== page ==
Breakfast is vital for kids’ learning potential. Here’s how to get the day off to a healthy start
Mornings can get hectic. We’ve all been there, fighting for time in the bathroom, getting the kids ready for school, taking the dog outside and organising the day’s appointments. And if you’re short on time, or the little ones say they’re not hungry, it’s easy to let breakfast slip.
Breakfast is important for lots of reasons, but new research has highlighted just how important it is for children’s learning potential at school. The study found that children who skipped breakfast had low energy levels and difficulty concentrating. It also found that on average, three children in every classroom were arriving at school without breakfast, and for many of these students this happened more than three times a week.
“A healthy breakfast gives kids the right fuel to start the day, helping them to fully participate in class and achieve the best grades possible.”
Accredited Practising Dietitian Kate Di Prima, a spokesperson for the Dietitians Association of Australia, says skipping breakfast can make children feel lethargic and ‘fuzzy’ in the head. Because of this, the DAA encourages parents of school children to make breakfast a non-negotiable in the mornings.
“The brain requires energy in the form of glucose to function at its best throughout the day,” Kate explains.
“Nutritious breakfast foods such as grainy bread, breakfast cereals, fruit and milk provide healthy sources of glucose. A healthy breakfast gives kids the right fuel to start the day, helping them to fully participate in class and achieve the best grades possible.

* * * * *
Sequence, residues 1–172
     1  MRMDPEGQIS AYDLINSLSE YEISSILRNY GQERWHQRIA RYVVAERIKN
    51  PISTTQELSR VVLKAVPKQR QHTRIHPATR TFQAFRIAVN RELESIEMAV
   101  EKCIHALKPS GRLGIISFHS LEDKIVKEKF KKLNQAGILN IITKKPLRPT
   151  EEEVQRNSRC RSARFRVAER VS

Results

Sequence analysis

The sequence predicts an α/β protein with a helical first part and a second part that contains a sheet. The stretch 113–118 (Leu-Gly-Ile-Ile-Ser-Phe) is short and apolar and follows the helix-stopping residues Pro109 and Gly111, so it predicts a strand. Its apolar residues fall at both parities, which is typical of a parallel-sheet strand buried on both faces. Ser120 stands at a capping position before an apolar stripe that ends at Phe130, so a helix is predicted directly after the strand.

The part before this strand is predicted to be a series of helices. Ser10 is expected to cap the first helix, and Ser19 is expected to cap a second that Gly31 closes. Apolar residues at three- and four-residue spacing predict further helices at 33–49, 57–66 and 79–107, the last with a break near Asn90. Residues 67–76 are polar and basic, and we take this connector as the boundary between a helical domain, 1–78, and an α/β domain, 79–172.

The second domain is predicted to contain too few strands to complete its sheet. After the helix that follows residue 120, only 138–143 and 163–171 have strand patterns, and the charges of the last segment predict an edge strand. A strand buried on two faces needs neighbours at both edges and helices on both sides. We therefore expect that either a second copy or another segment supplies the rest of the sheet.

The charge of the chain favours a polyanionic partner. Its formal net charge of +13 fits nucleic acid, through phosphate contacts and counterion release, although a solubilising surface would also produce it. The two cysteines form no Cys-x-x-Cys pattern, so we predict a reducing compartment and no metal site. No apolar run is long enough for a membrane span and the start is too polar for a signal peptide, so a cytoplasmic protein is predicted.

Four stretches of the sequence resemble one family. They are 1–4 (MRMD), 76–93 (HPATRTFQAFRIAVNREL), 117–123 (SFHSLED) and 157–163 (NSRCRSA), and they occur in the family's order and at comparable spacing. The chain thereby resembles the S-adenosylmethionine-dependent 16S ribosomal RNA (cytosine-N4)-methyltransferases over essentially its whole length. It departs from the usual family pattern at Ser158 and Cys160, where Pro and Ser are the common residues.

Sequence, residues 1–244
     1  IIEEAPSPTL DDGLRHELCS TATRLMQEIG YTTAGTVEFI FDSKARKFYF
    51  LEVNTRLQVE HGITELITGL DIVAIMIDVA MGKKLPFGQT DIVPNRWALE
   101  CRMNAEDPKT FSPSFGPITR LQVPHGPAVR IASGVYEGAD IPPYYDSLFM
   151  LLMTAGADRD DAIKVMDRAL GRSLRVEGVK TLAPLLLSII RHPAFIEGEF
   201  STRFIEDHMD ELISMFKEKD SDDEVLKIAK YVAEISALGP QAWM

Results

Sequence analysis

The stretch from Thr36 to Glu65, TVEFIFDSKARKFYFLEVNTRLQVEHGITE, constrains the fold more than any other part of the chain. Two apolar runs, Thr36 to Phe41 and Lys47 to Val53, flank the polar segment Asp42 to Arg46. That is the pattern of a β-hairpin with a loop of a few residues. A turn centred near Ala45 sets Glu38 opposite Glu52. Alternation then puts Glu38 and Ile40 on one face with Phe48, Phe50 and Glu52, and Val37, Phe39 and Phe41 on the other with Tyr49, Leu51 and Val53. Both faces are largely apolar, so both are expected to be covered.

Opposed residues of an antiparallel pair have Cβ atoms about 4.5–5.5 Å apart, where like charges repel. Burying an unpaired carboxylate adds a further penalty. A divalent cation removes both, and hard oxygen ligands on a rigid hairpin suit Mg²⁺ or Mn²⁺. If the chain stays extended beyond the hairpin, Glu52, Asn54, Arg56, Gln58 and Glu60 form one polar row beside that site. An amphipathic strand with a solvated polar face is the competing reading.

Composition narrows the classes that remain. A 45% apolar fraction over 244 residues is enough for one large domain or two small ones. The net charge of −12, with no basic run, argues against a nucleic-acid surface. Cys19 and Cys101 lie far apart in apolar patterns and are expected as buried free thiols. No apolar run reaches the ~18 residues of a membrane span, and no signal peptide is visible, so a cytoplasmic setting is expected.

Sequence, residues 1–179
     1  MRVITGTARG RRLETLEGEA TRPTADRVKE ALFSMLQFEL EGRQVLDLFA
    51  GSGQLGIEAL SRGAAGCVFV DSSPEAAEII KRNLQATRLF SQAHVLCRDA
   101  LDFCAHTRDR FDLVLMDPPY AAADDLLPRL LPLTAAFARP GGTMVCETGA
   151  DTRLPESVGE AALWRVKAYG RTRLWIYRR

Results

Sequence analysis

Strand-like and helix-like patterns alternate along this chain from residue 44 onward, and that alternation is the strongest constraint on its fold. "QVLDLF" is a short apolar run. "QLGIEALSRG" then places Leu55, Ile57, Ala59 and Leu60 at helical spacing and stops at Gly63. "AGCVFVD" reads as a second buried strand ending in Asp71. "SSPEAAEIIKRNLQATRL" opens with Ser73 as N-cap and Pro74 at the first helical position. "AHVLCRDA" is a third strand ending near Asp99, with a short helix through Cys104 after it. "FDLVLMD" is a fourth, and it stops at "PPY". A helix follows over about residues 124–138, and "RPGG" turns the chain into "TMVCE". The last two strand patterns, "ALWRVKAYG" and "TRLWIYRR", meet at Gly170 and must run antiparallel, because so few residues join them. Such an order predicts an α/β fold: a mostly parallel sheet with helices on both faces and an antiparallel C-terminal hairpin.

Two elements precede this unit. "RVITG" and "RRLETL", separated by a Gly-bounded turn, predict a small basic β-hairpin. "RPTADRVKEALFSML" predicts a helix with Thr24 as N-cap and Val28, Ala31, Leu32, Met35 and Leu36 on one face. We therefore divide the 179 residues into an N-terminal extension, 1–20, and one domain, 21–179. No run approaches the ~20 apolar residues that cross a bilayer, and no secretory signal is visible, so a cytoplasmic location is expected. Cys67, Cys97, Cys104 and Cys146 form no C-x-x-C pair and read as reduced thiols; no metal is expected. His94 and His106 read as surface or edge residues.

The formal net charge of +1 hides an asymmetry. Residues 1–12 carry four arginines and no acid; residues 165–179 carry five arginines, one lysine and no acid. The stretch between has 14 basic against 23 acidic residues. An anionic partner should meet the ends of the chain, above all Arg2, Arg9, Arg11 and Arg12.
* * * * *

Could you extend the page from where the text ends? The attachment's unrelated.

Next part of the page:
“Breakfast should not be optional for school children. To put it simply, their growth and development depends on getting enough of the right nutrients – and without breakfast, they will really struggle to get their daily quota.”
Top brain-boosting breakfasts
The best breakfasts for growing children are high in fibre, low Glycaemic Index, and include protein, the DAA says. Here are five of their top suggestions for a healthy start:
1. Wholegrain cereal with reduced-fat milk, topped with fresh fruit.
2. Wholegrain toast (or if time is tight, a sandwich made the night before) with reduced-fat cheese, avocado and tomato, and a piece of fruit.
3. Wholemeal muffin or crumpet with baked beans and low-fat yoghurt.
4. Poached or scrambled eggs on wholemeal toast with a glass of reduced-fat milk.
5. A smoothie made from reduced-fat milk, fresh fruit and yoghurt.
Find an Accredited Practising Dietitian at daa.asn.au